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180km (97 nautical miles) SE of Vung Tau

There's an old saying on Con Son: On days when the water surrounding this remote island's rocky cliffs is windless and still, locals say that, with the shimmering reflection in the deep blue-green water, it's as if the "birds swim in the sea and the fish fly in the clouds."

Con Son, part of the larger Con Dao Archipelago (and usually referred to as Con Dao) is the kind of out-of-the-way outcrop that inspires poetry. But the loudest voices from the island come from the memory of the hundreds of thousands who suffered in the island's notorious prisons (estimates begin at about 20,000 for the number who died here). A visit to the island is a unique glimpse into the story of the Vietnamese struggles during the colonial era and during the war with America, and also a chance to travel among Vietnamese tourists, who travel to the island to pay homage to the many who suffered here. I got caught up in a weekend of revolutionary fervor, with red-flag-waving dance performances and patriotic singing and marching in the evenings out in front of the Revolutionary Museum. It was almost like walking into Sen. Joseph McCarthy's worst nightmare around 1950.

The Portuguese first landed on Con Son, which means "Pearl Island," in 1516, the French arrived in 1686, and the British even made a pit stop with one of the East India Company ships in 1702, but the French laid claim (as in poked a flag in and claimed ownership) to the island chain from 1721. Calling it the Orleans Archipelago, the French used Con Son as a reconnoitering point for trade with the British for many years, until they finally occupied Con Son in 1861, calling the main island Poulo Condore and building their first prison to house insurgents and revolutionaries, names applied to anyone who didn't like being colonized. Prison riots and revolts were many; some even successfully took over the island at one period in 1862, and the French magistrate on the island was murdered in 1919. But the sounds of clanking shackles and suffering would ring out over the desert expanses of Con Son, under both the French and the Americans, until full liberation in 1975. The United States demolished the island's open-pit cells, called tiger cages, in 1970, but accommodations on the island were never plush.

Fourteen islands comprise this remote archipelago, the largest of which, Con Son, hosts a population of less than 5,000, mostly in the small port areas on the east and south ends of the island. The other 13 islands are uninhabited but for the national park observers who stand watch on rocky outcrops. Giant sea turtles come in large numbers to breed on the beach of nearby Hon Bay Canh, just a few clicks offshore from the main island of Con Son. The World Wildlife Foundation has pumped lots of grant money into the protection program for Con Dao's turtles, and efforts at conservation are paying off. Also due to WWF's largesse, the large national forest area and bird breeding grounds are well managed and maintained, and the island's park office hosts a helpful museum and trekking information center where visitors can get permits and information for one of the island's short jungle treks.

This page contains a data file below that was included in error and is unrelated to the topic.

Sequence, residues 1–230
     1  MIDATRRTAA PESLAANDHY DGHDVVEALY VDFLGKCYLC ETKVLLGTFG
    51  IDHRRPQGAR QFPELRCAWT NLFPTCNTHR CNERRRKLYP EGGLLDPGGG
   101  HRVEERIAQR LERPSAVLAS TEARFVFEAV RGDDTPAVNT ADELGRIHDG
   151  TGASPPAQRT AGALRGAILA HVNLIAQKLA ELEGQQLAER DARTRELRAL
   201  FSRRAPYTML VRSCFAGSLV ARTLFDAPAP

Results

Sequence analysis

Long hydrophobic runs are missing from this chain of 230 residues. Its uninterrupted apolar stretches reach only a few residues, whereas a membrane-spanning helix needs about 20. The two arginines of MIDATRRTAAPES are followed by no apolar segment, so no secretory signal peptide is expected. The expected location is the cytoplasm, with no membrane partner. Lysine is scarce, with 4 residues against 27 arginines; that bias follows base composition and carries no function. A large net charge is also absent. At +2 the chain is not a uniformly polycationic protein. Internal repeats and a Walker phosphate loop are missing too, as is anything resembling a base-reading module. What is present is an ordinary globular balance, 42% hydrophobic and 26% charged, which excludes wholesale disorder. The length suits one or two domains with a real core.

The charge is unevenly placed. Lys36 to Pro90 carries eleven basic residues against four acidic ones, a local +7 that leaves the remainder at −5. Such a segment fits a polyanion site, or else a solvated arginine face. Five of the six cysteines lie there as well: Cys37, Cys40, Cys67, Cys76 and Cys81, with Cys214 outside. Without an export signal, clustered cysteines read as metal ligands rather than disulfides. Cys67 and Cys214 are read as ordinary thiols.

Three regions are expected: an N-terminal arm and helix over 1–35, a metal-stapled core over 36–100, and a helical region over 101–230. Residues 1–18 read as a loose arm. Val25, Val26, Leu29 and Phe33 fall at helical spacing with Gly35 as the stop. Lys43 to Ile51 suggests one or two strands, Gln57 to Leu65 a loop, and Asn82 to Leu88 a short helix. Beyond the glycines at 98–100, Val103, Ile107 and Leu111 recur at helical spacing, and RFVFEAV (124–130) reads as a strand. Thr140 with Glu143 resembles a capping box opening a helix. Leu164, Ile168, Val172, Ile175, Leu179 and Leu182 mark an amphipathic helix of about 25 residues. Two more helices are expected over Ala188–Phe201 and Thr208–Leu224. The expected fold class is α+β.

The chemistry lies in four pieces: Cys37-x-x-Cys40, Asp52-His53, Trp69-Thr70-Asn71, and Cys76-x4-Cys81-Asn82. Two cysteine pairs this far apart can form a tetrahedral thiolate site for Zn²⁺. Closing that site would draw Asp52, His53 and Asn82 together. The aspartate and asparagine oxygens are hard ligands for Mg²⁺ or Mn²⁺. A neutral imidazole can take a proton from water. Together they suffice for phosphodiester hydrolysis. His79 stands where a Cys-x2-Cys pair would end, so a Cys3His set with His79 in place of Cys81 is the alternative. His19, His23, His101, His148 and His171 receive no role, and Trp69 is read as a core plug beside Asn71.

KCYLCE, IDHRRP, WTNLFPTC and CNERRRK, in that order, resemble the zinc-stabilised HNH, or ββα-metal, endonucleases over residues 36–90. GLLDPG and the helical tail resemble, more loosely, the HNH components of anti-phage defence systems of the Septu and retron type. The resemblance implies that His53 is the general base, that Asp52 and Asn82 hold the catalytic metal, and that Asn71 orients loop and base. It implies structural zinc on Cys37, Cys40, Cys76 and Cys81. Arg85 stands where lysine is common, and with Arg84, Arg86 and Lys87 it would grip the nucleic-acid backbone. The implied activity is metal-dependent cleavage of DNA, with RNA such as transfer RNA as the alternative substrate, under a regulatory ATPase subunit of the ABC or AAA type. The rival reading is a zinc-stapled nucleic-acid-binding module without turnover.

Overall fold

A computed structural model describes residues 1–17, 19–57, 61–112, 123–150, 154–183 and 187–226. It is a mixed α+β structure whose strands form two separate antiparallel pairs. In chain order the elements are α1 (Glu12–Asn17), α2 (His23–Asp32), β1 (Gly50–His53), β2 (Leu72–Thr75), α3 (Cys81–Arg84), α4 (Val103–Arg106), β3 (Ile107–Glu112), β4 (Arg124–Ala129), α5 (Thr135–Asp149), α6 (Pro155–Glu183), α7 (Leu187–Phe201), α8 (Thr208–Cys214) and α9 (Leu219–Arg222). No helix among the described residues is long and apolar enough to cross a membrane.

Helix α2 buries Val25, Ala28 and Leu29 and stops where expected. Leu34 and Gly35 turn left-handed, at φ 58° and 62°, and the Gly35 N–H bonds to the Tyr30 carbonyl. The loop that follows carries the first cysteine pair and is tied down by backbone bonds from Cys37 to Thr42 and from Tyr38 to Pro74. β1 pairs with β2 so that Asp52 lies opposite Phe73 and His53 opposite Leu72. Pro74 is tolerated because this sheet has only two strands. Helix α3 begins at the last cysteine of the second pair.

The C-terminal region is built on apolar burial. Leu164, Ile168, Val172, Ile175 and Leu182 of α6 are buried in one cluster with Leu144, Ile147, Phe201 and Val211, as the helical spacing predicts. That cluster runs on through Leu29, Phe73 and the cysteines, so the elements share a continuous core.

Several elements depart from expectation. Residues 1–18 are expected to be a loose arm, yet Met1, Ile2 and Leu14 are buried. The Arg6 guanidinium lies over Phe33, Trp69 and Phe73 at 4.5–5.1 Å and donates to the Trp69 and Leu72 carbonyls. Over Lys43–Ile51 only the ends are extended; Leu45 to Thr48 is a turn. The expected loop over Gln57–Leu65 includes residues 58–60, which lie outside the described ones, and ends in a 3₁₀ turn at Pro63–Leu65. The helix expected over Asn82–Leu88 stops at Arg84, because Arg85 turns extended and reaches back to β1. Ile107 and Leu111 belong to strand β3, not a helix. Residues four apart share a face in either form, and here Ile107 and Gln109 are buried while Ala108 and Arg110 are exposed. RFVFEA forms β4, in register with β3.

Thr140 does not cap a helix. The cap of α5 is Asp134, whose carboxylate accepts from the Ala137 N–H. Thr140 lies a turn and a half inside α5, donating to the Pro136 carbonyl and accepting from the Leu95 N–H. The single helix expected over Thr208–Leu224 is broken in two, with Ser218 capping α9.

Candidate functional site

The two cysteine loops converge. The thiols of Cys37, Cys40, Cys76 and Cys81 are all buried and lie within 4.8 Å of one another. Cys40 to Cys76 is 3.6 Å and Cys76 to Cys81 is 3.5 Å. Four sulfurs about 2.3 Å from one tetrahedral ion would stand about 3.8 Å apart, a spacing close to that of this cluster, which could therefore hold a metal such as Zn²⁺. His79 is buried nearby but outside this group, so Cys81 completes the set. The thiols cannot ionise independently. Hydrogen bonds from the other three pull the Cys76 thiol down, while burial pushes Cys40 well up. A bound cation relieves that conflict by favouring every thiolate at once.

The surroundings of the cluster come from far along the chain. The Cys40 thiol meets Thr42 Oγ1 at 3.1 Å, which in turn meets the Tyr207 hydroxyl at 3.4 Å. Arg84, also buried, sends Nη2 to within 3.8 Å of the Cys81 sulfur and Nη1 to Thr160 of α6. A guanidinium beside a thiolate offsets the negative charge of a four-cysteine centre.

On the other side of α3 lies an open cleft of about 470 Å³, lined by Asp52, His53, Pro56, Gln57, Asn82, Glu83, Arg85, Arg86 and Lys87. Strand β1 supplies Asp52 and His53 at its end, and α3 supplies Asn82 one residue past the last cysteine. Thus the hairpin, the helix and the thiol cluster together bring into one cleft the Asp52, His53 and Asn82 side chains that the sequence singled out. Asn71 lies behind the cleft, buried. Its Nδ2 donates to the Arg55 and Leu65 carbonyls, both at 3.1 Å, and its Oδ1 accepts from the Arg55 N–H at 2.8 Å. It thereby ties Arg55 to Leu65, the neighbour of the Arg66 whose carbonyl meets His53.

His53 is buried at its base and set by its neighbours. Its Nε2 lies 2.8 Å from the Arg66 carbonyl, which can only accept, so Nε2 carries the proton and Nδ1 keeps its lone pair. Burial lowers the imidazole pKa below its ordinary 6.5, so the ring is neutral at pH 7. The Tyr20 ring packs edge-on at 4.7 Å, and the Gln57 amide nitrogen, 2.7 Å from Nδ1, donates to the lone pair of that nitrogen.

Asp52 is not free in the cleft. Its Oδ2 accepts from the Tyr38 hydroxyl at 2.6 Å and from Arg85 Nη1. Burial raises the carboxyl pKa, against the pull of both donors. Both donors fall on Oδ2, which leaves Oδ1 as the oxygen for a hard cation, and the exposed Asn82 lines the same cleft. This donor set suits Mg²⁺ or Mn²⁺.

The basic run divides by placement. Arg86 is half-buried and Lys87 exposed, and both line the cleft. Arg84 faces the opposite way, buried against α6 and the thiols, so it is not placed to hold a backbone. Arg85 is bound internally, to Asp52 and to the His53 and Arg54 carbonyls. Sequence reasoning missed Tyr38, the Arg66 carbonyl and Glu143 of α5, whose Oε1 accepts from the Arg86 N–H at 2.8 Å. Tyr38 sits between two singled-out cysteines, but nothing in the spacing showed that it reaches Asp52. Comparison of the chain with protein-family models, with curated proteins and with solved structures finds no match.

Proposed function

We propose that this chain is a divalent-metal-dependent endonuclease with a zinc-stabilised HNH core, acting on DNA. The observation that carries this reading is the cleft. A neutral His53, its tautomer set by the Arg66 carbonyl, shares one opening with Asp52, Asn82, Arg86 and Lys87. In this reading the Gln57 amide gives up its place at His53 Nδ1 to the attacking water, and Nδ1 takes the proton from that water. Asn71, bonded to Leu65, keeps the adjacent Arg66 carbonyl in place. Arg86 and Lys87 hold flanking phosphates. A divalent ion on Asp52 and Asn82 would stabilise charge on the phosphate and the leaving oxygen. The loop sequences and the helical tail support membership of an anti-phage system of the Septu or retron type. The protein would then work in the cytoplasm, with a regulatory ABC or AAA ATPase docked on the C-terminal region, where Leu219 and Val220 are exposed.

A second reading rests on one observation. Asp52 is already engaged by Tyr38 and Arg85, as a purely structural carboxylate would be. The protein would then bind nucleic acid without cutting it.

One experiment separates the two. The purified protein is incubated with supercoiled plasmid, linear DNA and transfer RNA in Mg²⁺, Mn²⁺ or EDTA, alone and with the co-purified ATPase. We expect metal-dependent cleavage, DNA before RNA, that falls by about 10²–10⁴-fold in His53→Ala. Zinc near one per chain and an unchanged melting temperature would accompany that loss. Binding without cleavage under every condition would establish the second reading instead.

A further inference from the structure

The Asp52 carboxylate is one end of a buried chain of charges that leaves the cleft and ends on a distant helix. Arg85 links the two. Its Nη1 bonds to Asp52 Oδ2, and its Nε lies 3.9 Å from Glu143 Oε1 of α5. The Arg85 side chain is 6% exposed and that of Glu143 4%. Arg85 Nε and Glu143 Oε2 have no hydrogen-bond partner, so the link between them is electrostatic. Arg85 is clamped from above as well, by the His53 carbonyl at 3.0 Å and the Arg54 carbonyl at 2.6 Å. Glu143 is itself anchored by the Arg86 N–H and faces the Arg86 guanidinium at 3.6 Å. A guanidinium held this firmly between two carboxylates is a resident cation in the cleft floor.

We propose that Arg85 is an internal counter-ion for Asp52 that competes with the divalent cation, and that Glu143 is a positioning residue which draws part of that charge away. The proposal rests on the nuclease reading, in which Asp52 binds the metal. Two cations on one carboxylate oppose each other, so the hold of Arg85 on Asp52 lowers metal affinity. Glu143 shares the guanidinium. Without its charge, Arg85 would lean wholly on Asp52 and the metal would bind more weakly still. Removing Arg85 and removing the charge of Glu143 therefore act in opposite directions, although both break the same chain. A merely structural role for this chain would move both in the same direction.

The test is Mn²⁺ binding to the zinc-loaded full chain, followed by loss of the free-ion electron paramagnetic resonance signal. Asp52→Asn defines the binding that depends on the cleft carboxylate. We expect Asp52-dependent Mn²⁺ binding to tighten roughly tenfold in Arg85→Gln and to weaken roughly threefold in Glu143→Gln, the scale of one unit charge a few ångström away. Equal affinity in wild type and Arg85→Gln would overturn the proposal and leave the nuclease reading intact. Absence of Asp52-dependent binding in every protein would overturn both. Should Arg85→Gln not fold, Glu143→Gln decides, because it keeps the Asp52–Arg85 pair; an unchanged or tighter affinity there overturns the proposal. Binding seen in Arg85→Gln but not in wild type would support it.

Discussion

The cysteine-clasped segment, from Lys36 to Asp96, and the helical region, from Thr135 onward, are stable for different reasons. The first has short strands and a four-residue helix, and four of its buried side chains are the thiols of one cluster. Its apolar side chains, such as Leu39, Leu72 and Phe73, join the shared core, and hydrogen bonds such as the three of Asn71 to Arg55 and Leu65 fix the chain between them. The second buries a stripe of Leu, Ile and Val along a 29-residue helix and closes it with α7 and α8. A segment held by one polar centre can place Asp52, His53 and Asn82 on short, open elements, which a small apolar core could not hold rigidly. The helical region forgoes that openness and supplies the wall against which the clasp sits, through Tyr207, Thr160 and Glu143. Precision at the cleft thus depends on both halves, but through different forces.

Just getting here by plane is an adventure: The open cockpit of a Russian Antonov 38 lets you look out the front window and the side portals over the blue sea and sweeping swirls where coastal estuaries spill into the briny sea on the delta. You fly low enough to see farmers in their field, and this short flight from Ho Chi Minh City brings you to a laid-back, remote island, almost like its own little banana republic. Con Son is one of those quirky remote destinations where you can get to know the whole expat community in a few handshakes, and where you'll be raising glasses with the very pilot who just flew you in that morning -- and the same guys who'll fly you out (hopefully after some sleep and a cup of coffee). The central port area is a long concrete sea wall -- none too picturesque -- but the waters of the bay are pleasing and the views are good from the island's small clutch of budget resorts. Con Son Island is also a great place to explore secluded beaches, jungle scenery in the large Con Dao National Park, or remote islands and dive sites by joining a 1-day diving and snorkeling trip.

There isn't much to the port town on Con Son, but the town's old colonial buildings, some with French street names still neatly carved in the stucco of antique cornices, lend to the general atmosphere of this little bleached beach outcrop. Houses in town are often made from old prison walls: lean-tos built against the aging bulwarks or occupying whole prison buildings or administration buildings. The tiny central market area is where you'll find what little action there is, and a stay on Con Dao is a good way to unwind from busy city life in Ho Chi Minh. There are also a number of quiet, secluded beaches, the likes of Bai Dat Doc near the airport. Don't miss the small temple dedicated to Gia Long's Royal Concubine, Lady Phi Yen, who was imprisoned on the island after exile and a sad lover's tale of deceit.

Cool sea winds make the island rather temperate year-round, but note that, because of wind conditions and poor visibility, diving is not possible in the winter months from November to January (the very opposite of Nha Trang, which is in high season for diving at that time).